Trial indicates farmers could do without antibiotics
Globally, there is concern over development of antimicrobial resistance (AMR). Interest in AMR has increased recently with the emergence of multi-drug resistant “superbugs”. A number of these “superbugs” represent a serious threat to human health.
It is estimated that each year, drug-resistant infections result in 25,000 patient deaths, and cost the EU €1.5 billion in healthcare costs.
There is growing concern regarding the impact of antimicrobial use in agriculture on the emergence of antimicrobial-resistant bacteria. The majority of antimicrobials used in dairy cattle are administered via the intramammary route.
In Ireland, there is widespread use of blanket dry cow therapy (BDCT).
BDCT involves administration of long-acting antimicrobials into all quarters of all cows at drying off. Udder health has improved nationally, and many animals are now uninfected at drying off, since the establishment of the CellCheck mastitis control programme, the improved adoption of practices such as B D C T , re g u l a r m i l k i n g machine maintenance, and improved udder hygiene. In light of such positive trends, it has been suggested that BDCT is no longer required, especially as concerns have been raised that BDCT may lead to an indiscriminate over-use of antimicrobials.
Thus, a key research focus in Teagasc is to investigate mastitis prevention strategies that do not rely on BDCT.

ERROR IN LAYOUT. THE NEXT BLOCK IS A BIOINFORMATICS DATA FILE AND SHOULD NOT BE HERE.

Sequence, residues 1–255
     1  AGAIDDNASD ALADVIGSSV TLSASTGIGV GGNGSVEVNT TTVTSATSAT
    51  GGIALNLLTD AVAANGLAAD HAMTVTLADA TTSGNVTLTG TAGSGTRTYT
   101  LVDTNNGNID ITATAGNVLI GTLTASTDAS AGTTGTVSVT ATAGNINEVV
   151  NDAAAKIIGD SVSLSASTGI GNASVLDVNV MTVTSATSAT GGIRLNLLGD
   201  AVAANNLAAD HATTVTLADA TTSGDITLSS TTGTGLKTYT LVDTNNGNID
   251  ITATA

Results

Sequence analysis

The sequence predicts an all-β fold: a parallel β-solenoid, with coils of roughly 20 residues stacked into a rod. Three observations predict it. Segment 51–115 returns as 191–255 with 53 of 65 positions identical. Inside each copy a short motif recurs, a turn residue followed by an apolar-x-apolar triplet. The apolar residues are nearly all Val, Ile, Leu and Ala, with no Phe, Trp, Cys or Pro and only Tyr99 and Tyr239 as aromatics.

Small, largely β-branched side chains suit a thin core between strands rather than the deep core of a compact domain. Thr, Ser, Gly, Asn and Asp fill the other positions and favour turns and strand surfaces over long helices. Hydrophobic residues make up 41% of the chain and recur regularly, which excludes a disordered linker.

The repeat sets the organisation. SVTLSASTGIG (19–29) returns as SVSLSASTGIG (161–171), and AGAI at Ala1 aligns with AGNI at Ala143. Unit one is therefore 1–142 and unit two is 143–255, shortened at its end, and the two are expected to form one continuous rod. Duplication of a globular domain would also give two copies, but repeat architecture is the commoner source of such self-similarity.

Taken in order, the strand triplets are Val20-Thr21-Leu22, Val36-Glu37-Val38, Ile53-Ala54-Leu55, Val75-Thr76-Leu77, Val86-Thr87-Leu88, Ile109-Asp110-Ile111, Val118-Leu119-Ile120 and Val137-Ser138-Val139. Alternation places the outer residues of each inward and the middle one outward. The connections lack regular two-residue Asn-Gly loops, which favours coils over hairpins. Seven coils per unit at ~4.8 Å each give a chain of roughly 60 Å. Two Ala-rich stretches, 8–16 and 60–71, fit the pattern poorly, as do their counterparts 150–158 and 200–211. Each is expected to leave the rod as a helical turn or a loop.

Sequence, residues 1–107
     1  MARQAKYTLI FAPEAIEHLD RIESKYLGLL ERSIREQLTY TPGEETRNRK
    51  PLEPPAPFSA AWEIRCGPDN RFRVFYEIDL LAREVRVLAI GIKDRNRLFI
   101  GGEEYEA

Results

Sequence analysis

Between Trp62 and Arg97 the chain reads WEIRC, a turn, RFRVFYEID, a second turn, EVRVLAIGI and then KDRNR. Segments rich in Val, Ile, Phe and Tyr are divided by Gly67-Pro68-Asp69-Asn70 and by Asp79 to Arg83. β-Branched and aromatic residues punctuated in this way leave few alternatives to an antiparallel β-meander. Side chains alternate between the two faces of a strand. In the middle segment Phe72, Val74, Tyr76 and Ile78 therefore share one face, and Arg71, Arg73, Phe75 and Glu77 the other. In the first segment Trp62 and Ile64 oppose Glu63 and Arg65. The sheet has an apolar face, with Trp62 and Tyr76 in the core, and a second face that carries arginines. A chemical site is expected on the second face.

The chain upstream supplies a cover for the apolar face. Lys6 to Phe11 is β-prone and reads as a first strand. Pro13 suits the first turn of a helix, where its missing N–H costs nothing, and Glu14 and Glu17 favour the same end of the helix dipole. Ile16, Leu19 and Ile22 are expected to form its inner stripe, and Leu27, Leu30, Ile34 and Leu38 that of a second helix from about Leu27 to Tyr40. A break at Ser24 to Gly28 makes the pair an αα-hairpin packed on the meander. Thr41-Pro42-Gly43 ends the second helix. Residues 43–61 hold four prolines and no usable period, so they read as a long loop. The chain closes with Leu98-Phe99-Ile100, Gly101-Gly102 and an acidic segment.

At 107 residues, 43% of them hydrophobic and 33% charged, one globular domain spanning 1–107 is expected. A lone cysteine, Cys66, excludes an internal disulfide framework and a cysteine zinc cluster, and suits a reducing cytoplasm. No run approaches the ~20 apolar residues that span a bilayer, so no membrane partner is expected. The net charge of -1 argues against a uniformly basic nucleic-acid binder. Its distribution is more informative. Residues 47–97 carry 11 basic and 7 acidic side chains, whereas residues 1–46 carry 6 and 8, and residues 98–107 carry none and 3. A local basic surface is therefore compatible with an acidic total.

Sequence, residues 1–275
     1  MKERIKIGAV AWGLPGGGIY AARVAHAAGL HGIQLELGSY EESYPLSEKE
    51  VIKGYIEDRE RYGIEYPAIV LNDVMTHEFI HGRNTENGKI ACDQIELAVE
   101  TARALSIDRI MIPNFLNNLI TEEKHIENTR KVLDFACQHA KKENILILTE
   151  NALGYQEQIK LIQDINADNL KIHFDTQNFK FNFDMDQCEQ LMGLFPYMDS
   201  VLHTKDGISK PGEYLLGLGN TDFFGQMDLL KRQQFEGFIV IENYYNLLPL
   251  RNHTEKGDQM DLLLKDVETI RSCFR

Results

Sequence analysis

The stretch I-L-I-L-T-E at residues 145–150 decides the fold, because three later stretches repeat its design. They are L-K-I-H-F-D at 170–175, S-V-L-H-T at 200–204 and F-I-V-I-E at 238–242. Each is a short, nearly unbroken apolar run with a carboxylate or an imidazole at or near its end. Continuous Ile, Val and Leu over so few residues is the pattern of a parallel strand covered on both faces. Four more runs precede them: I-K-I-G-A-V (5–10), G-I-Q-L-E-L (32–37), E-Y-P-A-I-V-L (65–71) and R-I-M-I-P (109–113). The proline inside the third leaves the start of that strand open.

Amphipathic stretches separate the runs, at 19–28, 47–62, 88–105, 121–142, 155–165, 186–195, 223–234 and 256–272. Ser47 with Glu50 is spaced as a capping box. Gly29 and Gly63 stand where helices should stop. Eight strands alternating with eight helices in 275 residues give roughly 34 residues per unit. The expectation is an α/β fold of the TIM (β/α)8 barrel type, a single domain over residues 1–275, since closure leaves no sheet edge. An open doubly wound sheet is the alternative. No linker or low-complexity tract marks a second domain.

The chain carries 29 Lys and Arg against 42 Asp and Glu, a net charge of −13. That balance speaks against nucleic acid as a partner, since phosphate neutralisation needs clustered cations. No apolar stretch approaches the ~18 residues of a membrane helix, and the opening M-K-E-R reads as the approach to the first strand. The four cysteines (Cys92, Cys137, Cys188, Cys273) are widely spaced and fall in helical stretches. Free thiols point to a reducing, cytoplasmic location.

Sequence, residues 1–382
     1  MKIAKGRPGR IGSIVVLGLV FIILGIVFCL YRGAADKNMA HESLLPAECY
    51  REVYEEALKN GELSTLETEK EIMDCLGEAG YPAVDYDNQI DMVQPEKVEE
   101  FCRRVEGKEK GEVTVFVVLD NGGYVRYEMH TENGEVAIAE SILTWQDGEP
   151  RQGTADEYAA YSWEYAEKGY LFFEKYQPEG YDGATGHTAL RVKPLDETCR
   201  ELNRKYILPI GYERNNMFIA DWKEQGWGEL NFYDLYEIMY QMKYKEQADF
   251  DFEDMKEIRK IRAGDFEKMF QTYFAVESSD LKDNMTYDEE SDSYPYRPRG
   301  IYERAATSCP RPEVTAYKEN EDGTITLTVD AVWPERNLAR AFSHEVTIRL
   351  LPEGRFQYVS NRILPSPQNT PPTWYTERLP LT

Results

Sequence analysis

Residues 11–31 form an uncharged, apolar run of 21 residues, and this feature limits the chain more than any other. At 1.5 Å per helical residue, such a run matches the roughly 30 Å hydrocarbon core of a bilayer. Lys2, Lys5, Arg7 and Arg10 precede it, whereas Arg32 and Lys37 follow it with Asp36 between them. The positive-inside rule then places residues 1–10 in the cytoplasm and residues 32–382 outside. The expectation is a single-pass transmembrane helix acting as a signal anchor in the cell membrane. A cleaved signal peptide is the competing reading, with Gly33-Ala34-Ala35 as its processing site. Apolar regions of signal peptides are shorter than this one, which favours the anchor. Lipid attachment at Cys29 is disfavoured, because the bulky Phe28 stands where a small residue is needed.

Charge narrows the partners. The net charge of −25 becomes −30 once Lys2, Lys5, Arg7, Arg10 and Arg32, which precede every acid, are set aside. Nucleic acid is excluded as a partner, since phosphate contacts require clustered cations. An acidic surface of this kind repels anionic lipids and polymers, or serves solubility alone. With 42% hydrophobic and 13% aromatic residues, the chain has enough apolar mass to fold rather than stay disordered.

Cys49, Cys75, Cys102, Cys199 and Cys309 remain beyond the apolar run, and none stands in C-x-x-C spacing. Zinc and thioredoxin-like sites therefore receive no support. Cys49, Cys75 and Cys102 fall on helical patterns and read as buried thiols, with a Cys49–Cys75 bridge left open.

Selective Dry Cow Therapy (SDCT)
Unlike BDCT, where all cows receive antibiotics, selected dry cow therapy (SDCT) involves targeted use of antibiotic treatment, only in those cows shown to have an intra-mammary infection at drying off.
In quarters shown to be uninfected at drying off, a teat seal is administered instead. The addition of teat seal to a SDCT protocol ensures that all quarters have some protection against new infections during the dry period. Herd and individual animal selection is important when considering SDCT. Individual cow milk recording is essential, to allow appropriate selection of cows.
Pilot Teagasc Study
A research herd with a bulk milk SCC consistently under 200,000 cells/mL, and less than 2% clinical case rate in the last three months of lactation, with individual cow milk recording data available, was studied in two concurrent years.
At drying off, cows were deemed eligible for inclusion if their SCC had not exceeded 200,000 cells/mL, and they had not presented with a clinical case of mastitis throughout the previous lactation. Eligible cows were randomly assigned to either Teat